Jack Fields thinks that the current retransmission negotiation process needs to be reformed, and wrote about it in The Hill. Jack Fields used to be Jack Fields (R-TX). But now he is Jack Fields of lobbying firm Twenty-First Century Group. One of this year’s clients: Time Warner Cable. Hmmmm.
Fields wrote that the rules originally written in 1992 were to assure that broadcast stations would remain solvent when cable was a virtual MVPD monopoly in most markets. He says the rule was never intended to be a club for broadcasters to use on MVPDs and notes that nowadays cable systems have competition from other MVPD platforms.
The Hill article notes that Fields is currently a consultant to the telecom industry.
Other sources are a little bit more revealing. According to opensecrets.com, other clients include or have included Verizon and DISH Network, which give Twenty-First Century Group an MVPD trifecta: cable, satellite and telco. Going back to 2001, the firm has billed over $900K to such firms.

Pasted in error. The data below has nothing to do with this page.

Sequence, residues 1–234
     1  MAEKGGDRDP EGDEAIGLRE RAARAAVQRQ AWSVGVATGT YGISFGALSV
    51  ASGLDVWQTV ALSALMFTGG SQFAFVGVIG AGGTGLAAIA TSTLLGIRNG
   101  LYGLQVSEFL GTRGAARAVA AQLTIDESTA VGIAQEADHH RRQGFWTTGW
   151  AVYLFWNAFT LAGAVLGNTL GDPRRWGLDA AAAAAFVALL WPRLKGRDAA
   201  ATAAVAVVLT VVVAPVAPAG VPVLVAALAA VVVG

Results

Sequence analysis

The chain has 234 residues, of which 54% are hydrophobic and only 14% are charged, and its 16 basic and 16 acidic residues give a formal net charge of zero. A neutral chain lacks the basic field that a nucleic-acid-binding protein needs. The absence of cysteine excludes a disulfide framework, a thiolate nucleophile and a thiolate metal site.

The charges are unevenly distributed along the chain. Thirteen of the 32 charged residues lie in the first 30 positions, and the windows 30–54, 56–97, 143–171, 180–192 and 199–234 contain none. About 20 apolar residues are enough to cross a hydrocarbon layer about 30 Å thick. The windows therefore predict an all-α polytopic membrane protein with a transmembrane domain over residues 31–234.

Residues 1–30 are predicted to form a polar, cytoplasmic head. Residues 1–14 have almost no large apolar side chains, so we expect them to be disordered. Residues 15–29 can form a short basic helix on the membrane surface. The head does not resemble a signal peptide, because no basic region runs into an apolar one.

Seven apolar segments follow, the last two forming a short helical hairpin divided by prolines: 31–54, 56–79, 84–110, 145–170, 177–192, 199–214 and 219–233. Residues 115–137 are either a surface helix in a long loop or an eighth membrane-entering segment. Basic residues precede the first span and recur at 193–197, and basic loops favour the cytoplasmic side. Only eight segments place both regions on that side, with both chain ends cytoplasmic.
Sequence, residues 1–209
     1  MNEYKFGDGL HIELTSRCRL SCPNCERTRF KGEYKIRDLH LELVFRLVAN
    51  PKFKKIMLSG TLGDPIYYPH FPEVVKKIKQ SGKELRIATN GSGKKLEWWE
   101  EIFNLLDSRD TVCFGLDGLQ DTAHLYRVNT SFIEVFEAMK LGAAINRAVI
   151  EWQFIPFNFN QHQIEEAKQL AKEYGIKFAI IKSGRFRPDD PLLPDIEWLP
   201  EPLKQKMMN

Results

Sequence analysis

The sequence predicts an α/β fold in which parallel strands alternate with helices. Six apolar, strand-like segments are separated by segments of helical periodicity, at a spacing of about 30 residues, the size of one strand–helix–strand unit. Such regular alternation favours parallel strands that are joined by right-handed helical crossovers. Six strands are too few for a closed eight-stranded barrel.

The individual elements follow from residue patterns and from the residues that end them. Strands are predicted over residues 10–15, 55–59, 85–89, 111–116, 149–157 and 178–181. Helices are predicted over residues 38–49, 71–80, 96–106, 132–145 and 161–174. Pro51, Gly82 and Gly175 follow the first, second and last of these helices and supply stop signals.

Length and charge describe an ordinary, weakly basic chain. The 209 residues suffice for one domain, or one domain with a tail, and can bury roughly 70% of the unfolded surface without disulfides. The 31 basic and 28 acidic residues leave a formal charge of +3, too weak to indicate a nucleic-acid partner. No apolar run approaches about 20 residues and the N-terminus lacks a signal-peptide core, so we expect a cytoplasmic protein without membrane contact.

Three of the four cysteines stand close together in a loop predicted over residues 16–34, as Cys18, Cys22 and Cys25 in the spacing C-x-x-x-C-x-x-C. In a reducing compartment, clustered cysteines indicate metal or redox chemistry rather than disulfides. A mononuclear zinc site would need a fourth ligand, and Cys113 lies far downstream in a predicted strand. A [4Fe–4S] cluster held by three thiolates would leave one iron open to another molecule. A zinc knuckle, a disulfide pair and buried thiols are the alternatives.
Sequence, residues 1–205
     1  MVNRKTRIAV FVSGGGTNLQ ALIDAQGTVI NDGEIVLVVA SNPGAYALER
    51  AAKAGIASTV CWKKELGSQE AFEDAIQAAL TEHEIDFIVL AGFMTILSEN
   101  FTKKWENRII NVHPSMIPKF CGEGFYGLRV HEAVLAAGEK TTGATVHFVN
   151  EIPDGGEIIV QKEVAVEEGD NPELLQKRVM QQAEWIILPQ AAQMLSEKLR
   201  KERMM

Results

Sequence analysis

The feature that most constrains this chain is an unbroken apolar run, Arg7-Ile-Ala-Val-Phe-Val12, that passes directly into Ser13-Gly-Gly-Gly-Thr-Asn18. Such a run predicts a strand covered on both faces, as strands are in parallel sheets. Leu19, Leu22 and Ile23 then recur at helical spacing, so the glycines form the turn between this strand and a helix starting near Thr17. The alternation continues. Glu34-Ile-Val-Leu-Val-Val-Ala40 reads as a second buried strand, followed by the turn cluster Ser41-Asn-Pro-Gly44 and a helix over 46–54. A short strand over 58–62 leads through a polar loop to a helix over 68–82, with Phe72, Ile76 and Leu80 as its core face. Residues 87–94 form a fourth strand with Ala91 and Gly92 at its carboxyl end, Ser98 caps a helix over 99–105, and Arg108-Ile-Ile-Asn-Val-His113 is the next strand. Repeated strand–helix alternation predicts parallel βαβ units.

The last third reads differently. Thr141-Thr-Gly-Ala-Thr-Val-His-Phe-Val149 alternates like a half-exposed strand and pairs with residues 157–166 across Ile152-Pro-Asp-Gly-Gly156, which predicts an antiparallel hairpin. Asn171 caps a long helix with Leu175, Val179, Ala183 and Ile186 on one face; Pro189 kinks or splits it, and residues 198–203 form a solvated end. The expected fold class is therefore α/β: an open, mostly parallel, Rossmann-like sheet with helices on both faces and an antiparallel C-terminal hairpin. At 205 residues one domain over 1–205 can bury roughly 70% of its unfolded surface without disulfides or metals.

Field’s lobbying disclosure report says he works on “issues related to the cable television industry, particularly retransmission consent.”
RBR-TVBR observation: Back in 1992, cable didn’t have much competition from other MVPD platforms. But we’d also point out that broadcast television didn’t have all that much competition for advertising dollars from cable channels.
Viewers used to get cable programming with few or no commercial interruptions – it was all part of the subscription fee. But as cable programmers have increasingly gone head to head with broadcasters for advertising cash, they haven’t at the same time turned their back on retransmission consent fees. They should not wonder why broadcasters need that revenue stream as well – they need look no further than the business model of their core, often co-owned program services.